January issue 2012
The 2011 Hall of Fame
It’s hard to think of a cricketer more hated than Misbah-ul-Haq. We are seduced by Shahid Afridi, regret the loss of Mohammed Aamir’s career but pour nothing but scorn on Misbah. The haters should consider this: Misbah scored more runs at a higher average than anyone else in our team and he did this while leading Pakistan out of the doldrums to a year more successful than anyone could imagine. What Misbah lacks in charisma, he makes up for with achievement.
There should be nothing particularly admirable about a judge convicting a murderer who has admitted to his crime. But given the mood of the country, where Mumtaz Qadri was celebrated as a hero by many for assassinating Salmaan Taseer, Shah had no easy task before him. Convict Qadri and he would be accused of aiding blasphemy; acquit Qadri and he would be lambasted for being derelict in his duty. In the end, Shah braved death threats and did the right thing even if he had to go into hiding immediately afterwards.
Even for a life as filled with accomplishment as Asma Jahangir’s, 2011 was a banner year for the human-rights lawyer. In November 2010, she won an election to become the first woman president of the Supreme Court Bar Association and this year she showed the power of that bully pulpit. She used the office to argue for the rights of the disenfranchised, including the Baloch, and even had the courage to criticise the all-powerful Supreme Court and its Chief Justice Iftikhar Chaudhry. She also showed no fear in her defence of former ambassador to the US,Husain Haqqani in the Memogate case, arguing for the supremacy of civilian rule and telling ISI chief Ahmed Shuja Pasha that he should have been the one to tender his resignation for overstepping his authority. As with most of Jahangir’s other crusades, she might be fighting a lonely battle but it is a worthy one.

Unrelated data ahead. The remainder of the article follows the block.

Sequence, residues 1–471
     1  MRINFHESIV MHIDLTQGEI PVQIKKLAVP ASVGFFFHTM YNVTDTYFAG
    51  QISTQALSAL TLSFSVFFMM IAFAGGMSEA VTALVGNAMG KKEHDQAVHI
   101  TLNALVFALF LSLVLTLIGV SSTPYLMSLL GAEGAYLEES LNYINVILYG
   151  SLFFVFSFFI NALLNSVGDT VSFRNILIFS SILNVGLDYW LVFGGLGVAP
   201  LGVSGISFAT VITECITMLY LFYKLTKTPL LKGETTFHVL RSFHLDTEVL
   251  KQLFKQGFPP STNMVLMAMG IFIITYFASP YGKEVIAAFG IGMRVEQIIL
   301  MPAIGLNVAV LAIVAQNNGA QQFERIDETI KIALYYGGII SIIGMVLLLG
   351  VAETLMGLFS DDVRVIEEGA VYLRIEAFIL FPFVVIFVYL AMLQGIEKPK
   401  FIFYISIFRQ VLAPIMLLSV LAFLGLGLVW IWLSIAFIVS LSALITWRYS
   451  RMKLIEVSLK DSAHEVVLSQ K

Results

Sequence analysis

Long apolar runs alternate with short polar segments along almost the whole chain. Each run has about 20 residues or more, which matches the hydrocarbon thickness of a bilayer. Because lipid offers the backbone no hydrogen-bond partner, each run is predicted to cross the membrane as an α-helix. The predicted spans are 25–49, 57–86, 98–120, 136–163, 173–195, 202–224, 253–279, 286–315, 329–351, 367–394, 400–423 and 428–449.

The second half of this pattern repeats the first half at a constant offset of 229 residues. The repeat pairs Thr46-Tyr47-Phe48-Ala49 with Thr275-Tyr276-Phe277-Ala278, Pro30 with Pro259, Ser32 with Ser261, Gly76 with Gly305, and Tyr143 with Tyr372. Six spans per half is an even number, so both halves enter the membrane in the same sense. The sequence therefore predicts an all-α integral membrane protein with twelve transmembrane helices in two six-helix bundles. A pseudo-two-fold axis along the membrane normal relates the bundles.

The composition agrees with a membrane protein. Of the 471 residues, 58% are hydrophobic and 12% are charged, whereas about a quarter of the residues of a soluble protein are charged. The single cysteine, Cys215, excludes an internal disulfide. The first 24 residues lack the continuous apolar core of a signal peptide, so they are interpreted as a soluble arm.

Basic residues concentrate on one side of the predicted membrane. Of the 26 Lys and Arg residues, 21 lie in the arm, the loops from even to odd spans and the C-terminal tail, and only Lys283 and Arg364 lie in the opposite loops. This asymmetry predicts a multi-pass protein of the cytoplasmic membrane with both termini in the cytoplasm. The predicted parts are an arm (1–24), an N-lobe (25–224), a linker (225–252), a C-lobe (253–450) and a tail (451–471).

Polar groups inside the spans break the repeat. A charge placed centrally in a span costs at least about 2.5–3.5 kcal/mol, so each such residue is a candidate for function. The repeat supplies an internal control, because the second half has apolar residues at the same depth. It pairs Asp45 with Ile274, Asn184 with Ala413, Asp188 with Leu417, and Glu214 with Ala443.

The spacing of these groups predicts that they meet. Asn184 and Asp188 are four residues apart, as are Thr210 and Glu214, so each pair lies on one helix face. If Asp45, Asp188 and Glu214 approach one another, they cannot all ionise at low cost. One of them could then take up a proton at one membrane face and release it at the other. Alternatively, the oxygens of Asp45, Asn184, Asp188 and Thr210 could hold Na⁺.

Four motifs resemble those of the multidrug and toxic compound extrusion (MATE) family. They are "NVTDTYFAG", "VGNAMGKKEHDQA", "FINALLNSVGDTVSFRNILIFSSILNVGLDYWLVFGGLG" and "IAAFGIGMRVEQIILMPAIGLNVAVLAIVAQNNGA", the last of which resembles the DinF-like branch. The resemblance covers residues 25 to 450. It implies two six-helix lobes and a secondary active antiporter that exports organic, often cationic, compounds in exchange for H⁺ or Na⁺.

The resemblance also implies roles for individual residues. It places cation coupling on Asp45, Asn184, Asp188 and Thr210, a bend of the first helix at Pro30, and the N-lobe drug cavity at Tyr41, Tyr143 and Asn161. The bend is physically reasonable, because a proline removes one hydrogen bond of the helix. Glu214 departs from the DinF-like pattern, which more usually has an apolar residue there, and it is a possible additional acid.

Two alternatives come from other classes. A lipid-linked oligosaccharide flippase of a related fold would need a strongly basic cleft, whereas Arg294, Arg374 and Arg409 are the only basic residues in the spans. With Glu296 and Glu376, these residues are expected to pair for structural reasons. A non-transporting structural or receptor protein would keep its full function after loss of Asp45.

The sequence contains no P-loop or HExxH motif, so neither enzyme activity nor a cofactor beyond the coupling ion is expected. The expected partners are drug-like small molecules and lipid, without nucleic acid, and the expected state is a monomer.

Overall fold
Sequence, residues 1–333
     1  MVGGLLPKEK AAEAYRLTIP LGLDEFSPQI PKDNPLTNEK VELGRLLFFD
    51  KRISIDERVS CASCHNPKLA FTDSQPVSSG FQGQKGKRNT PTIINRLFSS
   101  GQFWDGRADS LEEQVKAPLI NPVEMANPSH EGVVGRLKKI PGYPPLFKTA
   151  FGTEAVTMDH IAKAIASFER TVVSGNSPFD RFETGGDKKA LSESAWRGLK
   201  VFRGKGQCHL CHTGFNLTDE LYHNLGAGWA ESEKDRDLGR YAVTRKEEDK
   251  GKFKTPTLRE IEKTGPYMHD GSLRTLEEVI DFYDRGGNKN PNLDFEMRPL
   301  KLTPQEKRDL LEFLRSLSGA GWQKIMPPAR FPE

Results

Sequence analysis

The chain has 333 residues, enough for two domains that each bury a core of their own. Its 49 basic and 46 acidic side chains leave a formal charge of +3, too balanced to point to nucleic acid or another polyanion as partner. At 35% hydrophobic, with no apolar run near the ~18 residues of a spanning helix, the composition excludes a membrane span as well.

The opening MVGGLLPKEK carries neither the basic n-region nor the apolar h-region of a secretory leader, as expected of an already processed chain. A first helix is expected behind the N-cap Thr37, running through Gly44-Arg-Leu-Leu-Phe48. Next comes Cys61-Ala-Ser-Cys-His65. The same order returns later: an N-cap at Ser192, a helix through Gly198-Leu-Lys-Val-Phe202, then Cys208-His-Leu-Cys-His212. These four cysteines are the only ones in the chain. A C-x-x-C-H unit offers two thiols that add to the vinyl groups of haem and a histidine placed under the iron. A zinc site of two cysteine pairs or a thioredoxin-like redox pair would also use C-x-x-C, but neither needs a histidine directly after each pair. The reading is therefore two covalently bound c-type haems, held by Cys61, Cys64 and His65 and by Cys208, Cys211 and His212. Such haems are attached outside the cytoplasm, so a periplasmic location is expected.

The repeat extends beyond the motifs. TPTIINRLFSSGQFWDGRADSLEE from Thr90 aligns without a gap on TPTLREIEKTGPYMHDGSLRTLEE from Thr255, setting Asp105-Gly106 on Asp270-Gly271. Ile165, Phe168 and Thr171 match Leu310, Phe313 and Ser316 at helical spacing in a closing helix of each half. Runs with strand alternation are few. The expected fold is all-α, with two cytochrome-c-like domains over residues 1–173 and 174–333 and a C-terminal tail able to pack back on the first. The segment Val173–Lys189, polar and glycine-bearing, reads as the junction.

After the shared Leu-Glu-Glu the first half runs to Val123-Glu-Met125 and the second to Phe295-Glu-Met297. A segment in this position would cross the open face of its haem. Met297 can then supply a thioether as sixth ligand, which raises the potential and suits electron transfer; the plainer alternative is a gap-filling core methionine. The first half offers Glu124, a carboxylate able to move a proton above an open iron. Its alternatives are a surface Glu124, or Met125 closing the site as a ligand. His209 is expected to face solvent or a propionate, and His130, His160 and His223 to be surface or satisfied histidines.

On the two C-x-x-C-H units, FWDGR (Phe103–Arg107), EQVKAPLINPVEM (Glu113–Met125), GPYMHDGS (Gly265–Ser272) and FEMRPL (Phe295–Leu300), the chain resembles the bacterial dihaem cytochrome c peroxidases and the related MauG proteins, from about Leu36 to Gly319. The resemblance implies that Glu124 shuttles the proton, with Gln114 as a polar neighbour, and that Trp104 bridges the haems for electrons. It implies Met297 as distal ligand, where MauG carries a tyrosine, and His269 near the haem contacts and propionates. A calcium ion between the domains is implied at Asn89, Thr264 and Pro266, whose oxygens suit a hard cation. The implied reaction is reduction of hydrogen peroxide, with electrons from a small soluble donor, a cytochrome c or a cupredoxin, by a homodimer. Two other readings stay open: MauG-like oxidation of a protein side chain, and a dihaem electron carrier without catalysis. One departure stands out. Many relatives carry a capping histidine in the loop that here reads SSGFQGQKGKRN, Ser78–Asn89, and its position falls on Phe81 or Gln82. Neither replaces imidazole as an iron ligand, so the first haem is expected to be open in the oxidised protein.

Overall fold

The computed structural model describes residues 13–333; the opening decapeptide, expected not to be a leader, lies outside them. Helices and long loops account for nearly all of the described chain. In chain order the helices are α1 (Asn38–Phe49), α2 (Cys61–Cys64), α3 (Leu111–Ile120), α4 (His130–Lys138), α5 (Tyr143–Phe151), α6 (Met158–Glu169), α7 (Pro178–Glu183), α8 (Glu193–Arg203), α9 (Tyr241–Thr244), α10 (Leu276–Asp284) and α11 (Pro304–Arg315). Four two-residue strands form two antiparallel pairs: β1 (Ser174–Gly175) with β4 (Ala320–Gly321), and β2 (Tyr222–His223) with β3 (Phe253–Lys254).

This is more of a lifetime achievement award. After over two decades of penning acerbic columns railing against politicians and making a case for proper urban planning and environmentalism, the inimitable Ardeshir finally put down his pen. That he was honoured with the Jinnah Award this year was entirely appropriate. Ardeshir’s gift for witticisms and absolute contempt for the ruling class are yet to be matched — and likely never will be.
Yes, Pakistan can export something other than terrorists. In 2011, Coke Studio was exported to India, hip-hop artist Adil Omar made waves in the US with his intelligent rhymes, and Beygairat Brigade’s political satire found popularity in India. Before, a Pakistani artist was considered to have hit the big time if he or she got to sing on Bollywood soundtracks. Today’s stars are aiming much higher.
This article was originally published in the Annual 2012 issue of Newsline under the headline “Hall of Fame.”
Nadir Hassan is a Pakistan-based journalist and assistant editor at Newsline.